But in true relativistic fashion, I don’t want to end ethics there.  There are individuals particularly badly disposed to travel, from upbringing or disposition or rough weather.  These individuals can themselves find infinite engagement with a single locale: translating for strangers, bringing justice or love or fellowship out of their language.  But their calling is fundamentally different.  So the ethics may be as well: the honesty demanded of the primary location, the negotiation and translation with the self slipping into infinite slippages demanded of the traveler.

So Bauman got me there: Liquid Modernity comes up with no decisive answer on the problem of ethics, but he uses sociology to filter out a number of inconsistencies in advanced liberal politics.  Primary among these is the notion of community, best understood through another spatial metaphor — the strict boundary between self and other; the rough ejection of all those who don’t belong.  

I think the labyrinth/epic metaphor brings us closer to unwrapping that problematic: inherently its identity is about expanding, translating, renegotiating identity, and with it renegotiating all the principles and languages and symbolic forms through which ethics is expressed.  Shall we nail down a set of ethical principles that transcends all the spaces the wanderer may encounter?  That would defeat the purpose of wandering.  But we can talk about mapping, and the principle of sharing maps; and we can also allow for a definition of ethics within the spheres we have already visited.  An open ethics.  Allowing for a conversation with the labyrinth-wanderers and other vagrants.

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Friday, August 18, 2006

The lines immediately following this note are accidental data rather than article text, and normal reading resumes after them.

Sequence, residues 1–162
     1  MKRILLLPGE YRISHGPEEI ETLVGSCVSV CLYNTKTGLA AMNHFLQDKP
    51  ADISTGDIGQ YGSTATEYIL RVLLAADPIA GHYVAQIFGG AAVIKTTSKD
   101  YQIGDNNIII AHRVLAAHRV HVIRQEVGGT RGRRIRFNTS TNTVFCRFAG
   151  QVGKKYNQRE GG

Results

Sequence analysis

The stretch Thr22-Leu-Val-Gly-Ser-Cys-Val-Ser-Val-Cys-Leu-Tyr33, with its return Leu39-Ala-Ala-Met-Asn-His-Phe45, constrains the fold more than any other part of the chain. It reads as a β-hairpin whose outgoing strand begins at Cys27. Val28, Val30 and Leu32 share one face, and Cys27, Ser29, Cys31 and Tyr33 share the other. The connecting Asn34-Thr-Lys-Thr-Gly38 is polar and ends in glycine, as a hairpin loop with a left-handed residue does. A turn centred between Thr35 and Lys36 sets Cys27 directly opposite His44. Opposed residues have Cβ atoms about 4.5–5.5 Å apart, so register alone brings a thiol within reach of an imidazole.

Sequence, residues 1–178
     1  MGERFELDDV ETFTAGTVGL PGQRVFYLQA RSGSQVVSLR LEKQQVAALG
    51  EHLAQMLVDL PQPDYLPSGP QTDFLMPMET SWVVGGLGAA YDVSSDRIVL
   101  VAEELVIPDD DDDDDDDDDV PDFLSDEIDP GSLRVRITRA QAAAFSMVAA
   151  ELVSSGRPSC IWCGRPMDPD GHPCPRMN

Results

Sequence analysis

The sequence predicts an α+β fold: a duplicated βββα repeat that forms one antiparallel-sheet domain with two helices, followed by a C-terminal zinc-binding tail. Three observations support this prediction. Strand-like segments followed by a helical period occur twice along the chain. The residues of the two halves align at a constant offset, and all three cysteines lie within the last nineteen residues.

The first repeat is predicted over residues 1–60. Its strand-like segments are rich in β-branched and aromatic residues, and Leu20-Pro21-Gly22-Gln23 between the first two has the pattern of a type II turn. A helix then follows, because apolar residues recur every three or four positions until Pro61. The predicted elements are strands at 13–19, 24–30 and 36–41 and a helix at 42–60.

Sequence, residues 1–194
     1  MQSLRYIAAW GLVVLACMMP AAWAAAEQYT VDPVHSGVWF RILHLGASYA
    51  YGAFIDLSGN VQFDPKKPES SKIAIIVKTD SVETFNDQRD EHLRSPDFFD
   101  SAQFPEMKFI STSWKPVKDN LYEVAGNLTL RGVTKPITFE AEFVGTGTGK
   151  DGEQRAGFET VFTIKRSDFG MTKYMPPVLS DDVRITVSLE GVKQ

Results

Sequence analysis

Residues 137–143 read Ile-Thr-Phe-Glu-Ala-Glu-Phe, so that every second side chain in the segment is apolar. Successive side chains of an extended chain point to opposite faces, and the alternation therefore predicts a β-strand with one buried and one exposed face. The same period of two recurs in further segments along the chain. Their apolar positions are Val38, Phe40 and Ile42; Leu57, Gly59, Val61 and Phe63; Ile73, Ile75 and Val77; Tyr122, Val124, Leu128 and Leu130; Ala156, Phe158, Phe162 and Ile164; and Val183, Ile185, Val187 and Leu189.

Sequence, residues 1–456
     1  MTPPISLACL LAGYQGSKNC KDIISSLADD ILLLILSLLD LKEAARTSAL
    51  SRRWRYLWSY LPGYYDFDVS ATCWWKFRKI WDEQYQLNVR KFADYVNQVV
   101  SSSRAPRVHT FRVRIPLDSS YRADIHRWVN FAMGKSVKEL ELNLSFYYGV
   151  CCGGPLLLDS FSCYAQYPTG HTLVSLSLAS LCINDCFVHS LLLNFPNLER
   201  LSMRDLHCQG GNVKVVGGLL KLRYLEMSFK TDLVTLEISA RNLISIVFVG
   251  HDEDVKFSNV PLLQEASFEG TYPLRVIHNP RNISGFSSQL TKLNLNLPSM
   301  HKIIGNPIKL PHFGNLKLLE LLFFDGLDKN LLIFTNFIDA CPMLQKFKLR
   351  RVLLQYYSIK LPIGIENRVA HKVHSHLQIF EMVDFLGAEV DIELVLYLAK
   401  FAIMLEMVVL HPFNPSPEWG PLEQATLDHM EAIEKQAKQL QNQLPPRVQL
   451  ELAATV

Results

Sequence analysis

A Wilderness in Your Heart

The Ballad of Meriwether Lewis and Esmeralda Biggott
A short farce in one act

[Boy and girl are sitting at a café.]

Boy: what’s that you’ve got there?
Girl: huh?
Boy: I said, that looks like a map.
Girl:  it is a map.
Boy: hey, that looks like a real honest-to-god atlas!
Girl: (annoyed) so what if it is?
Boy: you know I work with maps too…
Girl: (patronizingly) All right.  You work with maps.  What kind of maps would those be.
Boy:  well I just came back from the Pacific territory,
Girl: ::stares::
Boy: and right here in my messenger bag I have our draft
Girl: Give me that!
[looks at map, which looks like it has been executed in crayon]
how did you end up working on this project?  This was going to be my project!
Boy: Well, President Jefferson and the body that would one day become the Army Corps of Engineers sent me, I’m actually not a cartographer, not like you anyway…
Girl: you’ve ruined everything! these are incredibly imprecise calculations too.  You’ve stolen my idea and you’ve made a hack out of it.
Boy: but I didn’t know, it wasn’t my idea to go,
Girl: I can’t believe I didn’t know about this project.
Boy: I could tell you about it,


[Boy and girl have been kissing on a bench
The girl turns away and stands up]

Girl: I don’t know about this
Boy: what’s there to – I just hoped it would make you happy
Girl: what makes you think that you should even be here?
Boy: but I think I like you, I saw you,
Girl: we don’t even have anything in common.
Boy: but the café, the map, I thought
Girl: lots of people like maps.  You don’t know anything about me.
Boy: how many girls even know how to read a map?
Girl: I’m not the first one in the history of the world.
Boy: look I may not have a fancy education like you but at least I’ve been some places.  I’ve actually explored the areas, not just plotted them on a piece of paper so that they could become useless in some library where nobody but old farts would ever look at them
Girl: ::silent::
Boy: I could have had lots of girls, I’m choosing you because I think you’re special.  I looked first so I saw it first.  You haven’t seen how special I am, but I can see how special you are, so I’m here, and you ought to look at that. 
Girl: I’m looking and I’m not seeing anything
Boy: ::silent::
Girl: I didn’t mean it like that
Oh God, I’m sorry.
Boy: never mind.
Let’s talk about something else. 
Did you ever hear the joke about the cormorant?
Girl:  Meriwether, sometimes people just aren’t right for each other. 
You seem like a fine catch and all.  Maybe I’m just not attracted to you.
Boy:  ::silent::
Okay, I’m going out for a walk. 


[A kitchen.  Boy and girl have been cooking.]

Girl: You still seem down.  What’s wrong with you anyhow?  Why aren’t you happy?
Boy: I’m just not doing well, okay?